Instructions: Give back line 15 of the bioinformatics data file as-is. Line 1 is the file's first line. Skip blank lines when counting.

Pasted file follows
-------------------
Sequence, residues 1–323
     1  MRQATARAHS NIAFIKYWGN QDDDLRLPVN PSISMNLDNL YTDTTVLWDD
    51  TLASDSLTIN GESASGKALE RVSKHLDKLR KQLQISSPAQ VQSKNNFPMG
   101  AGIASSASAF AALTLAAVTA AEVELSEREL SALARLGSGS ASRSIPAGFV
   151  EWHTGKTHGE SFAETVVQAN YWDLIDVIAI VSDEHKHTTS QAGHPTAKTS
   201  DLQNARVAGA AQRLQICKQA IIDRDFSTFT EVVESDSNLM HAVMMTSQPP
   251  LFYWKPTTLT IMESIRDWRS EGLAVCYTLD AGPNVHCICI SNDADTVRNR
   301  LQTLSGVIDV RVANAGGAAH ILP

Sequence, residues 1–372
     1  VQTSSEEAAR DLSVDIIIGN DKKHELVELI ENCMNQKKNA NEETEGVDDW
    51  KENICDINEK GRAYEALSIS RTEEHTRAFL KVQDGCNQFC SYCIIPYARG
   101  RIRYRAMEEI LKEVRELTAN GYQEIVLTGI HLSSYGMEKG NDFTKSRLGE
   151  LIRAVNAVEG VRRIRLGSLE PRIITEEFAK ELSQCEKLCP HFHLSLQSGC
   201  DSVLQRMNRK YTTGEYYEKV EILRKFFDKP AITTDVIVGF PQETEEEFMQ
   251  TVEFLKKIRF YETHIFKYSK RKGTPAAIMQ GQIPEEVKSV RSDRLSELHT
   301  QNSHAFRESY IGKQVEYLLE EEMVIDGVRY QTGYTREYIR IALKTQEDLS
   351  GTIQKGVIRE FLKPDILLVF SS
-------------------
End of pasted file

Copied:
   251  TVEFLKKIRF YETHIFKYSK RKGTPAAIMQ GQIPEEVKSV RSDRLSELHT